1st ID soldiers see an end to unexpected stay in South Korea
CAMP CARROLL, South Korea — Good news for Task Force 2-34 troops: They’re heading home soon.
The soldiers from the 1st Infantry Division, Fort Riley, Kan., arrived in South Korea in late February for Foal Eagle/RSO&I, two overlapping training exercises. They were supposed to stay 30 days.
But when most of the 5,000 exercise troops packed their bags and shipped souvenirs home, Task Force 2-34 soldiers were told to stay.
“A limited number of forces — including personnel and equipment — were ordered to remain after the conclusion of the exercise,” said Lt. Col. Steve Boylan, 8th Army spokesman.
The roughly 800 soldiers remained, Boylan said, to “enhance the deterrence capabilities.”
Now, senior leaders say it’s time for the soldiers to return home, Boylan said.
Although he couldn’t provide a specific date, Boylan said the task force is going home “in the near future.”
When word came of the holdover, the force’s leadership moved quickly to make the best of it — and to avert morale problems.
The force’s commander addressed his troops in formation: “We were going to be … very positive to set the tone and be the right role models,” said Lt. Col. George Brinegar, commanding officer of 2nd Battalion, 34th Armored Regiment, 1st Infantry Division, and commander of Task Force 2-34.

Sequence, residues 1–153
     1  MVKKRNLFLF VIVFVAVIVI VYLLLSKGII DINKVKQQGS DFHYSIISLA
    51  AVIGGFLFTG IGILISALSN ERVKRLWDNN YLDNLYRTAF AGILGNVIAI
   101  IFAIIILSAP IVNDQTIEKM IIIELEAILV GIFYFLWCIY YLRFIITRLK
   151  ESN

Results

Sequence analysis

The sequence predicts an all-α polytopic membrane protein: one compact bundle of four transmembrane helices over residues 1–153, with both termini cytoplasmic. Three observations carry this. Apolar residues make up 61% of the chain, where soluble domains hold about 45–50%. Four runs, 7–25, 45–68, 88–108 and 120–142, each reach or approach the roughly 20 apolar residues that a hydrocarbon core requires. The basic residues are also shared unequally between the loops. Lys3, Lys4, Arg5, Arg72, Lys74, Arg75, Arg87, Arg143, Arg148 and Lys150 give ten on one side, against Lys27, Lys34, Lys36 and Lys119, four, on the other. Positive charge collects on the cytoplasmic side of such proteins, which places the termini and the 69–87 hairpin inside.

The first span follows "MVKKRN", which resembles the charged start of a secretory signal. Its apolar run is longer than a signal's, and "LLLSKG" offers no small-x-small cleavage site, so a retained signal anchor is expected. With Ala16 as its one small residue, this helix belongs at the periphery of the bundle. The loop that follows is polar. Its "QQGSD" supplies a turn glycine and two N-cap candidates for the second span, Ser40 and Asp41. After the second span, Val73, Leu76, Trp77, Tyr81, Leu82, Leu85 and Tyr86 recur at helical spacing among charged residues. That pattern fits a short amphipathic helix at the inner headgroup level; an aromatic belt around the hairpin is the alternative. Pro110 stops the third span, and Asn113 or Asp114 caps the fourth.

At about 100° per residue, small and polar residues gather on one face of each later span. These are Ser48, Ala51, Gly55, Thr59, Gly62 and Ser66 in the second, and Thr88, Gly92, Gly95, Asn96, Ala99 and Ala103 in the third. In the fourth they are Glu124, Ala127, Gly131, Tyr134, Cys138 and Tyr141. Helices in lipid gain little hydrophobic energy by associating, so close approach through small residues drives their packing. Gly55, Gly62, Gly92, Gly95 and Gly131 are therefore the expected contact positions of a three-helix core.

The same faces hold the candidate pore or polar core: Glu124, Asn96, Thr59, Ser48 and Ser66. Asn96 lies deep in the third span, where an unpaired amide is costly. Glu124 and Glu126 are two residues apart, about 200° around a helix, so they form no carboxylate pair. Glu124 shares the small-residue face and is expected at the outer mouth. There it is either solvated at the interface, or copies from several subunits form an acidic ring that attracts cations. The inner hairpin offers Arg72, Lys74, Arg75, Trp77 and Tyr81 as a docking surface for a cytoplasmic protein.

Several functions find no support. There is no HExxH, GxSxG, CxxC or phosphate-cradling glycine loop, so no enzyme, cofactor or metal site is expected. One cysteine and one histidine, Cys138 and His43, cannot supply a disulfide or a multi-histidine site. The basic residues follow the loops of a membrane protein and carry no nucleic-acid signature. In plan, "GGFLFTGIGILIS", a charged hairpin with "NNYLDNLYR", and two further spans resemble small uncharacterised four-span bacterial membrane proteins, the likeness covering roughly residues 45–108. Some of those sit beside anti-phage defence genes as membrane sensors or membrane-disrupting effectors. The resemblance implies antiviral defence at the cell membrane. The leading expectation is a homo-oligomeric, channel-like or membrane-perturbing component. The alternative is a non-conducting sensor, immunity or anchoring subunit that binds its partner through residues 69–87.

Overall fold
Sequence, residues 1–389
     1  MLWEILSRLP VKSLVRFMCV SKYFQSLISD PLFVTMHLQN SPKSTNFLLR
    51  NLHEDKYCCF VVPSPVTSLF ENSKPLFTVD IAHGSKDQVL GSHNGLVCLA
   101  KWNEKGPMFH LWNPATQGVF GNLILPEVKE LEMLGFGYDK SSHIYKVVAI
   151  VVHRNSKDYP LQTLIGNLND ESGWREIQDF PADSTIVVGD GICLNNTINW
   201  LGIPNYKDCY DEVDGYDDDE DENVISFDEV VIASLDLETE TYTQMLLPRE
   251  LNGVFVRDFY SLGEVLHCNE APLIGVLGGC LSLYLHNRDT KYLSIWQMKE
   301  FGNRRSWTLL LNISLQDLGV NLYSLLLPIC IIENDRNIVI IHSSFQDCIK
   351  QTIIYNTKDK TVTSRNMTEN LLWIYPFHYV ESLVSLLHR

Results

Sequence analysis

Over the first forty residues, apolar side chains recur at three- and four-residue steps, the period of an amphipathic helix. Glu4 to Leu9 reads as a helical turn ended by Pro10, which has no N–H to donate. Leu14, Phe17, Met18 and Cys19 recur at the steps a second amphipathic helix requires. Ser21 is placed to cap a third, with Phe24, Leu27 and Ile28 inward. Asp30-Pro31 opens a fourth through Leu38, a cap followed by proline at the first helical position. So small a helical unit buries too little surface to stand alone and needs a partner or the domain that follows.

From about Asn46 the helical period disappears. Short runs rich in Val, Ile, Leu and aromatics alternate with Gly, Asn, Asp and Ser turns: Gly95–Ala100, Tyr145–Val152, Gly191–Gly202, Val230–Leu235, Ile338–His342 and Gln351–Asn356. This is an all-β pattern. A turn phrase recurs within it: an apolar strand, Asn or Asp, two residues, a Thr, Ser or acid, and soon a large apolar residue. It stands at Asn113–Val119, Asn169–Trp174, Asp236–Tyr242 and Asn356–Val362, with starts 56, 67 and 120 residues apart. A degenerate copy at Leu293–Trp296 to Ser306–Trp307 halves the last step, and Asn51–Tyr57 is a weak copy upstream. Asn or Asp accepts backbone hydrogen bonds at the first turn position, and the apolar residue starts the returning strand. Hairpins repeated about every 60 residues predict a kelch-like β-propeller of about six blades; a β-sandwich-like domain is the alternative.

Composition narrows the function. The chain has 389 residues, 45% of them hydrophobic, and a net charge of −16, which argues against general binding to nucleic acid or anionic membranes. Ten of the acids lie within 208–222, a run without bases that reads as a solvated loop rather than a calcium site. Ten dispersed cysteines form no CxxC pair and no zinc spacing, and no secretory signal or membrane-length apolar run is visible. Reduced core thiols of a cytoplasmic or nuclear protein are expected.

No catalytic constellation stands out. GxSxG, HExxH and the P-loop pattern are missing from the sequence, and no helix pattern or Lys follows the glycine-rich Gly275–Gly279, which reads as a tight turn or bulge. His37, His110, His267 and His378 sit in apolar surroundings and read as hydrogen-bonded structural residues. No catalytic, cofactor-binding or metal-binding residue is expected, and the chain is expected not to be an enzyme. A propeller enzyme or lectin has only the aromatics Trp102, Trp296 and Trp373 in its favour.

Korea’s hilly terrain and tight spaces are a big contrast to the flat, grassy expanses the Kansas troops are used to training in. There would be more time to check the condition of armored vehicles stored at Camp Carroll.
And there would be time for unit sports, sightseeing and shopping trips.
The commander set three main goals for the extension:
• Sharpen individual soldier skills.• Hone crew skills: “Whether you’re in a tank or a Bradley,” he said, “focus on those things that will make you effective in combat.”• Promote physical fitness: “This is tough terrain here — hills, mountains,” he said, “and it’s going to test the best warfighter.
“My point was, we’re gonna maximize the precious time that we have, to get better.”
“At first, it sucked,” said Sgt. Bernard Partridge, a tank mechanic with the 2nd Battalion’s Headquarters and Headquarters Company. “But you gotta do your job.”
Partridge was determined to keep his soldiers’ morale up.
For Sgt. Brad Richards, a light wheel vehicle mechanic, “It was a slight disappointment, but I knew I was gonna have to be there for my soldiers,” he said.
At Fort Riley, Richards got only a limited chance to work with the M88A1 recovery vehicle, he said, but it was a different story in Korea.
“Prior to me coming over, I had a little, slight training on it, but being over here and extended here, that just gave me a better opportunity to train myself on that vehicle,” Richards said.
It wasn’t all work:
“We bought a barbecue grill,” said Spc. Justin Smith, an Abrams tank gunner with Company C. “Usually, every evening, we’d have a cookout. We’ve played a lot of cards.”